Future Makers presents Correspondence, a site-specific performance created by multidisciplinary artist Nadia Odlum at the Art Gallery of New South Wales, playfully exploring the Kaldor Public Art Projects archives in new and experimental ways.
Art Gallery of New South Wales as part of 'Making Art Public: 50 Years of Kaldor Public Art Projects'
Correspondence, 2020, site specific performance at the Art Gallery of NSW, nine dancers and nine text scores.
Future Makers presents Correspondence, a site-specific performance created by multidisciplinary artist Nadia Odlum at the Art Gallery of New South Wales.
This project formed part of Nadia Odlum’s Kaldor Studio commission, an education initiative by Kaldor Public Art Projects that engaged contemporary Australian artists to explore the Kaldor Public Art Projects archives in new and experimental ways.
Over the course of two months the dancers worked with Odlum to explore the exhibition ‘Making Art Public: 50 years of Kaldor Public Art Projects’, as well as the project’s online archives. In particular, the group sought out elements from the archives that could be interpreted as ‘instructions’ for movement. This research was coupled with discussions around movement in public space, and the implicit or explicit restrictions that are placed upon the public body.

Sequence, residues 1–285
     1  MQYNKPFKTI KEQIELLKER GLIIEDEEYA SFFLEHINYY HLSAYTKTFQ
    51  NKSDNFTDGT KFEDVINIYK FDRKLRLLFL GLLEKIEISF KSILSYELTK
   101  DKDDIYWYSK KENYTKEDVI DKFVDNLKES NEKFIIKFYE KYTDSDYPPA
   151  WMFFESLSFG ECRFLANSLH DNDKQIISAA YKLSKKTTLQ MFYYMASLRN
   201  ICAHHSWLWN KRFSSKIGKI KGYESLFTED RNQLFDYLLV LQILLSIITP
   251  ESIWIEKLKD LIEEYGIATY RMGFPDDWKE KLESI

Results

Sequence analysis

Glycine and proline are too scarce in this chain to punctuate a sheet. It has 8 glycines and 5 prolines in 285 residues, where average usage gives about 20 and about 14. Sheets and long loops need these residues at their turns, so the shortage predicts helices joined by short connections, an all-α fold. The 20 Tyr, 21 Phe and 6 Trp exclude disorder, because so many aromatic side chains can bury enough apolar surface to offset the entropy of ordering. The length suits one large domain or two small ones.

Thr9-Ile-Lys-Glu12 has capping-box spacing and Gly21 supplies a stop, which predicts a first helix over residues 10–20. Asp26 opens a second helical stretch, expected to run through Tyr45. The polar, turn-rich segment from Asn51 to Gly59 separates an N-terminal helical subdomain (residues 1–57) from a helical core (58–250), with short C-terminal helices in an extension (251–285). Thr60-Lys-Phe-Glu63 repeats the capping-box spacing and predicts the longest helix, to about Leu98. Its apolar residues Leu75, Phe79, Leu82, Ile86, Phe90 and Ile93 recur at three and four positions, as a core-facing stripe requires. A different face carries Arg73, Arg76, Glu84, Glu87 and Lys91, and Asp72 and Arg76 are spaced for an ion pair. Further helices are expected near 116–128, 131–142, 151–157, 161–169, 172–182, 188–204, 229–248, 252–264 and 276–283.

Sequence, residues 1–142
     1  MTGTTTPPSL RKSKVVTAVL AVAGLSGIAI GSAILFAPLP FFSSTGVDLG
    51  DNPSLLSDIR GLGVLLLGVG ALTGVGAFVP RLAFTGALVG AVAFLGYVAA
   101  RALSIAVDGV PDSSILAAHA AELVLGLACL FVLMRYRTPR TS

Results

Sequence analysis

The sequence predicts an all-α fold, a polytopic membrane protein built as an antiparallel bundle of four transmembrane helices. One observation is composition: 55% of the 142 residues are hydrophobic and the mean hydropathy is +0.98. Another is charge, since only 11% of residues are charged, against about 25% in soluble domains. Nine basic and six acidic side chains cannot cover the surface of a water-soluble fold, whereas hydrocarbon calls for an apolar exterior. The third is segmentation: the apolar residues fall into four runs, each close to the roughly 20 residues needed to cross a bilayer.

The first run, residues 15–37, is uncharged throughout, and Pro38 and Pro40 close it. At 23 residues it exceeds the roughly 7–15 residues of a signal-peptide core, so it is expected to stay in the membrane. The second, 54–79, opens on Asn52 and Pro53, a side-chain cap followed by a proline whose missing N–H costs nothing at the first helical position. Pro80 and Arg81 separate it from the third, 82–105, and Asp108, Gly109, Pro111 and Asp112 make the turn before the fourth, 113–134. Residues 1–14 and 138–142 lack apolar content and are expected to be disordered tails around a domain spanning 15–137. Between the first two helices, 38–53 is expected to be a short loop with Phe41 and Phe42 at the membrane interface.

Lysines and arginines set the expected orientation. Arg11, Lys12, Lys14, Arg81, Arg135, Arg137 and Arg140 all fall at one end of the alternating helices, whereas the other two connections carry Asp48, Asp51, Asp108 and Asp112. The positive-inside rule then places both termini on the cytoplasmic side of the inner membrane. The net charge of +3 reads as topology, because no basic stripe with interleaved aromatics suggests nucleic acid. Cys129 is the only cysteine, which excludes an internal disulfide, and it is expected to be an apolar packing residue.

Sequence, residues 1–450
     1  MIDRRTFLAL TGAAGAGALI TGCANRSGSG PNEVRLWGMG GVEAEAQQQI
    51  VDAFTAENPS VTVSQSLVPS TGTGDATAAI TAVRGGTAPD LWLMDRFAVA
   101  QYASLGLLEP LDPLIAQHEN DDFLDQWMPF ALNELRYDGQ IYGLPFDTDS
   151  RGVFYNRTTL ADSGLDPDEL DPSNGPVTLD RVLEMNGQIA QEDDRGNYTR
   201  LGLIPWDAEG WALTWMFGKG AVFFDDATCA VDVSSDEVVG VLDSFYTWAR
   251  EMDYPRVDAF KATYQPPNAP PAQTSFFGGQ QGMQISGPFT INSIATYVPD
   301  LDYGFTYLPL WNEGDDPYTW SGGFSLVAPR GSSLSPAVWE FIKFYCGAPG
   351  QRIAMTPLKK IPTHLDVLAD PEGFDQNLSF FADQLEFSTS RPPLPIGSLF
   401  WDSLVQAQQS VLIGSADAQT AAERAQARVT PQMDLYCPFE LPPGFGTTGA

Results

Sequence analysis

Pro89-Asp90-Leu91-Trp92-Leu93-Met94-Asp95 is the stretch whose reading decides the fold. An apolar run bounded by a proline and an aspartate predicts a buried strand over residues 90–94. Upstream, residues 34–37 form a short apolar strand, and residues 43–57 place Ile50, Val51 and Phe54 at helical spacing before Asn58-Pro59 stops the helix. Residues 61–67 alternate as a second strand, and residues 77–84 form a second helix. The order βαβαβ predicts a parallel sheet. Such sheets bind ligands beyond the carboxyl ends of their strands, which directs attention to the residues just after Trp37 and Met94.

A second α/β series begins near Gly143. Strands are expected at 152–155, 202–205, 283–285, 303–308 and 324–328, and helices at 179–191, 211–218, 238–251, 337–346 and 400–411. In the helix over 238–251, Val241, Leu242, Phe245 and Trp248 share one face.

Sparking from this the group developed a set of nine text scores. These acted as the choreographic framework for the performance, which was improvised over the course of one hour at the Art Gallery of NSW on the 12th of February 2020.
This piece was developed on Darug land and performed on Gadigal land. We pay respect to Elders past present and emerging.
All images courtesy of Document Photography
Director and Co-Creator: Nadia Odlum
Rehearsal Director: Emma Harrison
Co-creators and Performers: Sarah Goroch, Beryl La, Bedelia Lowrencev, Jessica Kuit, Cinzia Marrocco, Matina McAneney, Monica Moreno, Christopher Wade and Ella Watson-Heath
Dance Makers Collective acknowledge the Darug peoples, the traditional custodians of the land of Western Sydney, whose land we have the privilege to dance and work on. We acknowledge their survival and resilience, and pay respect to Darug Elders past, present and emerging, and recognise their continuing connection to the land, water and community for over 65,000 years.